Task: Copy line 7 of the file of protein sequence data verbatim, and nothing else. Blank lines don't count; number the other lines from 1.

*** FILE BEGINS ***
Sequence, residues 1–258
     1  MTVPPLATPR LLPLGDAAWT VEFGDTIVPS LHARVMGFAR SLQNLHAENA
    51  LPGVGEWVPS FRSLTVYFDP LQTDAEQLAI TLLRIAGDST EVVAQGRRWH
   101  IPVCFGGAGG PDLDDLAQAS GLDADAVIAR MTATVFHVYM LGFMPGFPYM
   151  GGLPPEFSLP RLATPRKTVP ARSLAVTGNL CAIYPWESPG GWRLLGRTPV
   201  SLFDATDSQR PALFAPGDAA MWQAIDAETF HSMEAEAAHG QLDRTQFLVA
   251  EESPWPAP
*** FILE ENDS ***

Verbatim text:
   251  EESPWPAP